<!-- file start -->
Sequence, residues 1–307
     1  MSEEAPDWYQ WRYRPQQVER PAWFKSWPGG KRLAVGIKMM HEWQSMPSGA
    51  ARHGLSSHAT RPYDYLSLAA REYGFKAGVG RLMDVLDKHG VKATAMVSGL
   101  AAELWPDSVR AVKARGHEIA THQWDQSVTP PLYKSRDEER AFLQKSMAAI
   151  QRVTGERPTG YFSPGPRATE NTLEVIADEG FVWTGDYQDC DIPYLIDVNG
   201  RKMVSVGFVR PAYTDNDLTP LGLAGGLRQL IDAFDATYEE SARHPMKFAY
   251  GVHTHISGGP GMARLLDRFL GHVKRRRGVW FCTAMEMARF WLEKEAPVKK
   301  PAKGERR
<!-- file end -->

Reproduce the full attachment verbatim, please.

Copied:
Sequence, residues 1–307
     1  MSEEAPDWYQ WRYRPQQVER PAWFKSWPGG KRLAVGIKMM HEWQSMPSGA
    51  ARHGLSSHAT RPYDYLSLAA REYGFKAGVG RLMDVLDKHG VKATAMVSGL
   101  AAELWPDSVR AVKARGHEIA THQWDQSVTP PLYKSRDEER AFLQKSMAAI
   151  QRVTGERPTG YFSPGPRATE NTLEVIADEG FVWTGDYQDC DIPYLIDVNG
   201  RKMVSVGFVR PAYTDNDLTP LGLAGGLRQL IDAFDATYEE SARHPMKFAY
   251  GVHTHISGGP GMARLLDRFL GHVKRRRGVW FCTAMEMARF WLEKEAPVKK
   301  PAKGERR